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February 27, 2023

Burley offers a look back at historic Camp Picton

<p>Base31 tour guide Jacqui Burley holds one of the WWII-era paint bombs used by students at the no. 31 bombing and gunnery school. (Desirée Decoste/Gazette staff)</p>
Base31 tour guide Jacqui Burley holds one of the WWII-era paint bombs used by students at the no. 31 bombing and gunnery school. (Desirée Decoste/Gazette staff)

 

DESIRÉE DECOSTE

STAFF WRITER

As part of the Flashback February local history series, Jacqui Burley, former site Manager of Loch-Sloy Business Park and Airport and now known as Base31, offered historical vantage point  on the creation and operation of one of Canada’s contributions to the Allied effort in World War II.

That Burley was providing the presentation in the refurbished and reimagined building The Lecture Hall at Base31 was not lost on the leader of the group operating the performance, business and cultural hub.

“I’ve had personal tours by Jacqui but I am really looking forward to her talk tonight,” said Tim Jones, CEO of Base31, beforehand. “When she speaks, we learn more stuff about this place. I’m also really thrilled that Jacqui has agreed to continue to work with us, she runs guided tours, and we’re working on a self-guided tour.”

After a successful first year,  Jones added there is plenty of activity both on the surface and behind the scenes at Base31 that will be announced in the days ahead.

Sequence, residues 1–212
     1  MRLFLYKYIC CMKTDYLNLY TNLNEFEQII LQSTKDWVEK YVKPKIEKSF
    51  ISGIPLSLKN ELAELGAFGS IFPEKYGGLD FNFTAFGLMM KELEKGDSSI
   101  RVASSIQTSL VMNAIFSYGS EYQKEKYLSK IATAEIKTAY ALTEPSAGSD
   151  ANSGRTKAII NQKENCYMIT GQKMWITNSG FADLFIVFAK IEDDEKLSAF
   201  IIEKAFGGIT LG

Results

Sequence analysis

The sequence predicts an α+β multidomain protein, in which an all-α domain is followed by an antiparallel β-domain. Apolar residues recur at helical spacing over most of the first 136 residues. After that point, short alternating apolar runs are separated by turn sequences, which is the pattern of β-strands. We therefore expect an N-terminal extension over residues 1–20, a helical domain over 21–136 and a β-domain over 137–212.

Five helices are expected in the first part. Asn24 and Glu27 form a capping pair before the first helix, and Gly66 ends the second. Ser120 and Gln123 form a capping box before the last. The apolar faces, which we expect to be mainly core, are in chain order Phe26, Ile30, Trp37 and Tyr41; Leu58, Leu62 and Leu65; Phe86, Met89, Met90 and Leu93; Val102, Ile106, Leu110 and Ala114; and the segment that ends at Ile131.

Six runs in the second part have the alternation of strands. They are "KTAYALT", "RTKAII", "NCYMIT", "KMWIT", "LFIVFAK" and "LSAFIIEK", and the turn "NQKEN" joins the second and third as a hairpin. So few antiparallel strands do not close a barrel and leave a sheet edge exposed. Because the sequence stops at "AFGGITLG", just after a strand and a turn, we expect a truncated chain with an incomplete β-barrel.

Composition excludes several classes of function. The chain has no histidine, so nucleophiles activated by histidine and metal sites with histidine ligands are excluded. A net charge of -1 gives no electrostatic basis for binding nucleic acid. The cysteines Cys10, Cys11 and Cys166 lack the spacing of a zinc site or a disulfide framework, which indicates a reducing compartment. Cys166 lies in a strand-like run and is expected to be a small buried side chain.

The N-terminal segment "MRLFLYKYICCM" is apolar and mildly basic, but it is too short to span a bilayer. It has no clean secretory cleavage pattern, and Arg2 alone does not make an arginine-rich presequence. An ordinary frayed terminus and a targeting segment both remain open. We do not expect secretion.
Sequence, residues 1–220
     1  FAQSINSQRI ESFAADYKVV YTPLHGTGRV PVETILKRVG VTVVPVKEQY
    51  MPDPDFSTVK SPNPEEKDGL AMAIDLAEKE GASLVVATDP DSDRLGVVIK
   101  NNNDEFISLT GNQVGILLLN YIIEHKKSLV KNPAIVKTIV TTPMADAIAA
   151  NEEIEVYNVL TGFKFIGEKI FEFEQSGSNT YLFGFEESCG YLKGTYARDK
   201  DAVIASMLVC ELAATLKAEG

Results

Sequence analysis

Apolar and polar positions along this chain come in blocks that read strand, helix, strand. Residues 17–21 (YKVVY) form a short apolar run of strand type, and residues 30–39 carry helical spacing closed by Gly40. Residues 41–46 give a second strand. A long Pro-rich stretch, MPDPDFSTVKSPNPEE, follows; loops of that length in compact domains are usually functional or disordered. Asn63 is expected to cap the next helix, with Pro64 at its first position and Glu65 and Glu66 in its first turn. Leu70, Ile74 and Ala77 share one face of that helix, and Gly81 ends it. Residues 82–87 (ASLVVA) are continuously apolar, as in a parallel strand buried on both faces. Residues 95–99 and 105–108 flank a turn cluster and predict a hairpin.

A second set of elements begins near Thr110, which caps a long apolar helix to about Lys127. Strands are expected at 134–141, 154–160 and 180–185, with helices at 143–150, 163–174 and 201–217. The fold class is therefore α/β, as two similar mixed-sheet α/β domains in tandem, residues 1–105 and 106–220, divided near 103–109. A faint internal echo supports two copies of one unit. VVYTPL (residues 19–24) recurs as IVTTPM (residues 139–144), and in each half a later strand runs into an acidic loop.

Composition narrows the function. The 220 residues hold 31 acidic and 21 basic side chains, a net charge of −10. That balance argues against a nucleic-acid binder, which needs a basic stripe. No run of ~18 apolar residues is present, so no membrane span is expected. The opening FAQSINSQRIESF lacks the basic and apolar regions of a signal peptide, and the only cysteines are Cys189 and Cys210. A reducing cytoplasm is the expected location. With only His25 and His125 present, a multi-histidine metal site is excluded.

But looking back to the genesis moment the expanse of land near Champlain’s Lookout was selected as a site to train British Commonwealth airmen, it took place just months after Canada found herself at war with Nazi Germany.

On December 17, 1939 the ‘Riverdale Agreement’ was signed which was an agreement between the UK, Canada, Australia and NewZealand. It was set up to allow aircrew training in a safe environment far away form the conflict spread out over Western Europe. 

The British Commonwealth Air Training Plan (BCATP), formerly known as the ‘Riverdale Agreement’, saw site preparations commence in 1940.

“By the end of the war, having trained over half of all Royal Air Force/Royal Canadian Air Force air crew, as Canadians we should be very proud of our participation in the BCATP,” Burley said. “There were 231 sites built across Canada as training schools and 151 of them were airports such as this. When I say we trained over half of the air crew, that equates to 131,353 air crew which included pilots, navigators, wireless operators, air bombers, air gunners, flight engineers, plus over 8,000 ground crew, and 17,000 of which were female.”

In pre war days, the RCAF consisted of 4,000 personnel, less then a dozen airports, they trained close to 400 aircrew per year and they averaged a total of approximately 25,000 flight hours per year.

A scene of camaraderie at No. 31 Bombing and Gunnery School. (Vintagewings.ca)

“By 1944 the RCAF consisted of 253,000 personnel, which on top of that there were 6,000 civilian personnel and they operated approximately 3,450 air planes and operated out of 151 airports vs less then a dozen,” said Burley. “During the BCATP training they averaged 500,000 flight hours per month. so the dynamics of where the BCATP took Canadians in aviation was phenomenal. The RCAF only owned less then 25 air planes prior to WWII.”